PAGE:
Actually, I should say California Assemblywomen Cristina Garcia and Ling Ling Chang. They are on the forefront in bringing attention to basic female needs which have certain outdated barriers to accessing them. Uh . . .that pretty much sums up a whole lot of things that have to do with women’s bodies. But access to pads, tampons, and the newer (and awesome) cups is not a given for a startlingly large number of women you may never think about. These wonderful ladies did think about them.
Families and women in poverty have to make some rough choices. The women in the household have to use hygiene products as long as possible to conserve them. This leads to leaks, odors, and infections. That is even if they can afford them in the first place. Homeless women resort to newspaper and random absorbent materials which are not effective or clean. I have been in several drug stores and seen opened boxes of feminine products. Maybe someone had an emergency and no money, but probably the implication is sadder. (I’ve also seen opened and empty pregnancy tests. Did I mention my town has no low-cost women’s services?)
Schoolgirls have a wicked embarrassing time getting to the bathroom when they need to. If their teachers let them leave class with no explanation (and what pubescent girl is going to announce to the class that she needs to change a leaky pad?), the machines in the bathrooms require money. (In my time as a student teacher in an inner-city middle and high school, we were cautious about letting kids go to the bathroom too much for some understandable reasons. Yet most of the requests, to my memory, came from the fidgety boys who were sick to death of class.) Or girls have to go to the school nurse which is stressful and mortifying to many of them.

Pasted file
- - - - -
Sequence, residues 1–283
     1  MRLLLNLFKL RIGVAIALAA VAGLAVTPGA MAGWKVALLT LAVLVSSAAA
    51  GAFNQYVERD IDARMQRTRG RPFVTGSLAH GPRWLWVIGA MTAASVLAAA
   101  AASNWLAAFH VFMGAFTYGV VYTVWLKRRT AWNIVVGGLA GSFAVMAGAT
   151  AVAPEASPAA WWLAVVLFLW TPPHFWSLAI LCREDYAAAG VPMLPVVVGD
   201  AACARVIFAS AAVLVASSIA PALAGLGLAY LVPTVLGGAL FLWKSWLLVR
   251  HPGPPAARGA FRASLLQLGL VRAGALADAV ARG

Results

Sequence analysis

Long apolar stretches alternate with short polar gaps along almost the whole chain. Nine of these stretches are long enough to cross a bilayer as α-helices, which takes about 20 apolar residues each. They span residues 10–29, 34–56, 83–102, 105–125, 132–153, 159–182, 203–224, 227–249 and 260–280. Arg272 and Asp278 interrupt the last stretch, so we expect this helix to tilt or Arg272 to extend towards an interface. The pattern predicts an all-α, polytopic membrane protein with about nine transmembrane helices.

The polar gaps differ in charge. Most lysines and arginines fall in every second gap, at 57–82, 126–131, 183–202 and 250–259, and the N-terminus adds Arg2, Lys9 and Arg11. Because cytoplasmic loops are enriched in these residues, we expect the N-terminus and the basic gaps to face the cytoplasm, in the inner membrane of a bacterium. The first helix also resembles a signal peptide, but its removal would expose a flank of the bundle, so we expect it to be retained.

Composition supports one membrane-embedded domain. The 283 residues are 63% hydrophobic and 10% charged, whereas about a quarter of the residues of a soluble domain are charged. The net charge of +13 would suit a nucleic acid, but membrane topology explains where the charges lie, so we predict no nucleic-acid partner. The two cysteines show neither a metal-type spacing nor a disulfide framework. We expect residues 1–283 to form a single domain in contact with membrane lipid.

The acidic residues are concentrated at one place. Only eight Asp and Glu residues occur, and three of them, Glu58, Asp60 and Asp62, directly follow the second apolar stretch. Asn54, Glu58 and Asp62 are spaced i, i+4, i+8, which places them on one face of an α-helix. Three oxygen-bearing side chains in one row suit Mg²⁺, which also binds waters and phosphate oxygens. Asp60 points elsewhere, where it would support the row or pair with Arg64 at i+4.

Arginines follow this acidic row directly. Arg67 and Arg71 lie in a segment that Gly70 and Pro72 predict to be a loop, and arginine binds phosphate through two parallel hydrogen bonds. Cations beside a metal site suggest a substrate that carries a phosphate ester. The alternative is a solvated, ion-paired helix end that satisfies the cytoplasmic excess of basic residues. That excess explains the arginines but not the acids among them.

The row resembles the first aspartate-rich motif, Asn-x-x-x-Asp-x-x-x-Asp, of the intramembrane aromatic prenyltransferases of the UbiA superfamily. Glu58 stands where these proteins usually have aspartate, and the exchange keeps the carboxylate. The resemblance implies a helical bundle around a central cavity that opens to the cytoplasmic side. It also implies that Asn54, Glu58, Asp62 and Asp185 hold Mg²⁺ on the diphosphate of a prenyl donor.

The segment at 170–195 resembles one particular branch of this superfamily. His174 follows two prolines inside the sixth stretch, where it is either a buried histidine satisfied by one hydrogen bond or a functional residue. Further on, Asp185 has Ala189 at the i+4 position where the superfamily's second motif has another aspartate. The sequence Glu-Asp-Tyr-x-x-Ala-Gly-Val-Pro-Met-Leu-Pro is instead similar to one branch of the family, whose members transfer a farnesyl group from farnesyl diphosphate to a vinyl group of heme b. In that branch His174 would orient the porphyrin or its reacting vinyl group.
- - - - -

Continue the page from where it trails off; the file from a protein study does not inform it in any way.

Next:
The part about an actual tax on tampons, whereas items of medical necessity are not taxed, was news to me. I never even knew that was how things were set up! So menstrual products are taxed as luxury items in 40 states. How much do you wanna bet that a man set up that distinction? As women know, your period (and it’s subsequent absence) is a lifelong responsibility, and in our stilted culture it is viewed as a horrifying and abnormal condition. We already have terribly mixed emotions about our bodies since men and media put so much emphasis on us as objects. I won’t even go into the fact that men discredit women all the time because “she was on her period.”
This bill is a beginning to legitimizing our personal needs and allowing women to have more dignity. It would be foolish to assume that every state is going to adopt and pass this kind of legislation. Other states (especially the red ones) are, as I type, in the midst of a backlash against all the renewed pushes for women’s health rights. Few legislators are women, and frequently they are not the helpful kind.
Ways You Can Help!
- Write letters ladies!!! To your state lawmakers! School teachers – tell about classroom incidents. Women’s health providers – provide evidence of the infections underserved women and girls get. Be heard and make them accountable for female dignity!
- Contact the nurse’s office at your child’s school and ask if they provide free products where girls don’t have to ask for them. If they don’t, complain about it in PTA meetings!
- Most importantly, donate good pads and tampons to local shelters, jails, and schools!